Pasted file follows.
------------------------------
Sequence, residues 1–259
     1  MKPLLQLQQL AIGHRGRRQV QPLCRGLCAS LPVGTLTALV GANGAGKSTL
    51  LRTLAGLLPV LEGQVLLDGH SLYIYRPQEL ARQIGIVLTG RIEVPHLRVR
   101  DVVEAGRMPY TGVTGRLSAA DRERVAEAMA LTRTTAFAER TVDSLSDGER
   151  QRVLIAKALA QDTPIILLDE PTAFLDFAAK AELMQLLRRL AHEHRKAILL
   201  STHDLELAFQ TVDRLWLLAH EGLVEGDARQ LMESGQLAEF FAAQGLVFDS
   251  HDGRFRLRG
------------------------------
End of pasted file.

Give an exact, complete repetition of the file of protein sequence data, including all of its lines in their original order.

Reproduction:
Sequence, residues 1–259
     1  MKPLLQLQQL AIGHRGRRQV QPLCRGLCAS LPVGTLTALV GANGAGKSTL
    51  LRTLAGLLPV LEGQVLLDGH SLYIYRPQEL ARQIGIVLTG RIEVPHLRVR
   101  DVVEAGRMPY TGVTGRLSAA DRERVAEAMA LTRTTAFAER TVDSLSDGER
   151  QRVLIAKALA QDTPIILLDE PTAFLDFAAK AELMQLLRRL AHEHRKAILL
   201  STHDLELAFQ TVDRLWLLAH EGLVEGDARQ LMESGQLAEF FAAQGLVFDS
   251  HDGRFRLRG